Singapore Table of Contents
By the 1980s, the United States had become Singapore's most important trading partner and, as such, crucial to the country's welfare. Singaporean officials often stated that a 1 percent drop in the United States economy had a 1.4 percent effect on Singapore's gross national product ( GNP--see Glossary). Consequently, in the 1980s Singapore was critically concerned about protectionist policies and budget deficits in the United States. In 1988 Singapore's total exports to the United States amounted to S$18.8 billion, up 28 percent over the previous year, and accounted for 24 percent of the nation's total exports. Of that total, about 80 percent were Singaporean manufactures, including disk drives, integrated circuits, semiconductors, parts for data processing machines, television sets, radios and radio cassette players, and clothing. Reexports to the United States also were an important part of the trade. Singapore's exports to the United States outstripped its imports from there, although the United States was, after Japan, Singapore's second largest supplier.
Until 1989 Singapore and the three other NIEs enjoyed trade preferences with the United States under the United States Generalized System of Preferences ( GSP--see Glossary). This system was originally instituted to aid developing economies, but in 1989, the four Asian NIEs were removed from the program because of what some observers have seen as their major advances in economic development and improvements in trade competitiveness. The United States had been trying for some time to wrest trade and currency concessions from all four countries (but primarily South Korea), which had not been forthcoming. Although Washington presented the decision more as an economic graduation ceremony, observers noted that the move reflected United States frustration over its continuing trade deficit despite considerable devaluation in the United States dollar.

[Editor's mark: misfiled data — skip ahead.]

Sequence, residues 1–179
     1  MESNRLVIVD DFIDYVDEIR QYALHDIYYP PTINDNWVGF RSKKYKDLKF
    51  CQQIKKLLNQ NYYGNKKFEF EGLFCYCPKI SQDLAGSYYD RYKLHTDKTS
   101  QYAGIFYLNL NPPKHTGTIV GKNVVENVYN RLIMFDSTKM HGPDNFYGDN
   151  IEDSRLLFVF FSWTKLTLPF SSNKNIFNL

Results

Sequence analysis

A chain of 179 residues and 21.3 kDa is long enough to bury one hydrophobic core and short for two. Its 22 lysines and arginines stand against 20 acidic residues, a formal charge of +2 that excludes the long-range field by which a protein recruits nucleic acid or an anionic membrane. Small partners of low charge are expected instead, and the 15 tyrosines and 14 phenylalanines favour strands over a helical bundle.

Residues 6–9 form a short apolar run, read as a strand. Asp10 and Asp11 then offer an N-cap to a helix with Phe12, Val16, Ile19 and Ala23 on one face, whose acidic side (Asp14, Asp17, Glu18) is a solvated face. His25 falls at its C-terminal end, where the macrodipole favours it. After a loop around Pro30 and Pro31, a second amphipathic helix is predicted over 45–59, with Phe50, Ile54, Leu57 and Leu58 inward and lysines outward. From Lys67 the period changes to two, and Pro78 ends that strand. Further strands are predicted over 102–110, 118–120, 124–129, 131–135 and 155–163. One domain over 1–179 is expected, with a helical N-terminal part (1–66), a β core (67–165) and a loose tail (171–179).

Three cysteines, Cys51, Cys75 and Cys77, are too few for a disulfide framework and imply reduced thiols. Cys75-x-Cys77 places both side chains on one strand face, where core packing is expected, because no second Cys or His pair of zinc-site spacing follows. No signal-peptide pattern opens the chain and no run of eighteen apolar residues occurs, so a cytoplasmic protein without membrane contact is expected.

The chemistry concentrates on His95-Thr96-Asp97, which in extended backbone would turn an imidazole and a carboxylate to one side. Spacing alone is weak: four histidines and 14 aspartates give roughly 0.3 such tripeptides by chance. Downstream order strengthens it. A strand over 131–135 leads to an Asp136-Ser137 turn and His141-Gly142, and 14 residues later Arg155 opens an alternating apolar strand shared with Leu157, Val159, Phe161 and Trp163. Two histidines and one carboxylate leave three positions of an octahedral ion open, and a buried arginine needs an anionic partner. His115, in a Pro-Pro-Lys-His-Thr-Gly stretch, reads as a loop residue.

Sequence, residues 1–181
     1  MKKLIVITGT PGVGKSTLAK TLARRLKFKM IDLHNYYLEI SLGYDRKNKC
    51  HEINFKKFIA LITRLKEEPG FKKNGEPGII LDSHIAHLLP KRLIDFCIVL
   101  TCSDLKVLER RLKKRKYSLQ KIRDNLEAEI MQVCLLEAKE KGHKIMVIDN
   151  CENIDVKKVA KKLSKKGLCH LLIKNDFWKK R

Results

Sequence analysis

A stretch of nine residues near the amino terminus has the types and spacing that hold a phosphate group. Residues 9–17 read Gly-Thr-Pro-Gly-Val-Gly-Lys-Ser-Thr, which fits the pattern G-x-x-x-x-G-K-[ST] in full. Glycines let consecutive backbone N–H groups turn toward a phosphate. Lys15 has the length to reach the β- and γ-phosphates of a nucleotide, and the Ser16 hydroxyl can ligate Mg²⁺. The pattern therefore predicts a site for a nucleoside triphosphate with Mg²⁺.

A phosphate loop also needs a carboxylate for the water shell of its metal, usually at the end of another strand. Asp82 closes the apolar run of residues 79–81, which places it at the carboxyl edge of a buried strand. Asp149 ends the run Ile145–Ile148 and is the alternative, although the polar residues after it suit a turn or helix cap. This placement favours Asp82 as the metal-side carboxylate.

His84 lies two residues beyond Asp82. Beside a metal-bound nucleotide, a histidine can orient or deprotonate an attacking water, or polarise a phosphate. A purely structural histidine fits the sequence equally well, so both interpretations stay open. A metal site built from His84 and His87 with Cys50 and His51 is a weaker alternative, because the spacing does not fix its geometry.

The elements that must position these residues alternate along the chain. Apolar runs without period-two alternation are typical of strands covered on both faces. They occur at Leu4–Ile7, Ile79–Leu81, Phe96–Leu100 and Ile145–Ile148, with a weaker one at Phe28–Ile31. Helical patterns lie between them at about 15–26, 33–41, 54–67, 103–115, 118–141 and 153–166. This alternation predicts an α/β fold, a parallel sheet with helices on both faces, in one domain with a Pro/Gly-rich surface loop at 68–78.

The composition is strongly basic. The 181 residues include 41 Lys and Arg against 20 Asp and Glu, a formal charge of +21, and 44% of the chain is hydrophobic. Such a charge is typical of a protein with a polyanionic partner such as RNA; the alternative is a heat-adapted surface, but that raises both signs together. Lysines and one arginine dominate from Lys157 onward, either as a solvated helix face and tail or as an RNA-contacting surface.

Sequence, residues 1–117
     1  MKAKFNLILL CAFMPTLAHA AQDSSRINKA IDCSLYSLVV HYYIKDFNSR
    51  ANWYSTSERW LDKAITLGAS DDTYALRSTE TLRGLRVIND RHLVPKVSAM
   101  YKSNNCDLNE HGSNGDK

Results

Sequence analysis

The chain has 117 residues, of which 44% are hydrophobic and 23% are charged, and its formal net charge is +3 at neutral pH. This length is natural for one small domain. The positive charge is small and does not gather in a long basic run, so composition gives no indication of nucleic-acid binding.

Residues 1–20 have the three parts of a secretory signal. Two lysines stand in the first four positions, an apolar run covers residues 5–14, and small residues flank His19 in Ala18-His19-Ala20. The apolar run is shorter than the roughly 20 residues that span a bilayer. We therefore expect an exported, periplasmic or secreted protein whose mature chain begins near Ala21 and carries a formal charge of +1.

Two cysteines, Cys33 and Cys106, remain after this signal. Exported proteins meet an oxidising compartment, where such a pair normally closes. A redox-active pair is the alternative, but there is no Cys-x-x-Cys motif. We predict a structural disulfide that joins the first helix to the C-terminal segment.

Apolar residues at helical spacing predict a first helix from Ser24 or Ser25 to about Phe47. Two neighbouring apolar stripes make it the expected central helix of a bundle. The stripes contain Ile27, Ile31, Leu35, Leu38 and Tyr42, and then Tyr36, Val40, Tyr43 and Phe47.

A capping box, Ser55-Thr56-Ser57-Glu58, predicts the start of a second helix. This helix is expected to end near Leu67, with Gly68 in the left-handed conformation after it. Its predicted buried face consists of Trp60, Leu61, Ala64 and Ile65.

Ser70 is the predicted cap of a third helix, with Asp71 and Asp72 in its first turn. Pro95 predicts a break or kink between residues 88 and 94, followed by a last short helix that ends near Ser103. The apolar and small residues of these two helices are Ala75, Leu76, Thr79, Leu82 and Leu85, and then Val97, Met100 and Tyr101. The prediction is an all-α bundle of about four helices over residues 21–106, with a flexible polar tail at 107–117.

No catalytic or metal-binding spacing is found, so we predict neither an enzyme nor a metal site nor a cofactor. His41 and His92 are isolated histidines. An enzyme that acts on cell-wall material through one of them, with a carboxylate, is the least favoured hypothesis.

The removal of the GSP affected less than 15 percent of Singapore's exports to the United States, among them telephones, office machines, wood furniture, and medical instruments, which faced duties of 5 to 10 percent. Ironically, United States firms based in Singapore were among the hardest hit. More than 50 percent of Singapore's exports to the United States came from American firms with operations there, such as ATandT, Digital Equipment, Hewlett-Packard, Rockwell International, and Travenol Laboratories. Singaporean companies, as well as Japanese and European firms with operations in Singapore, were also affected by the removal of the GSP. In early 1988, some 4,000 NTUC members gathered outside the United States Embassy in Singapore to protest the decision, and the Singaporean government expressed regret.
Data as of December 1989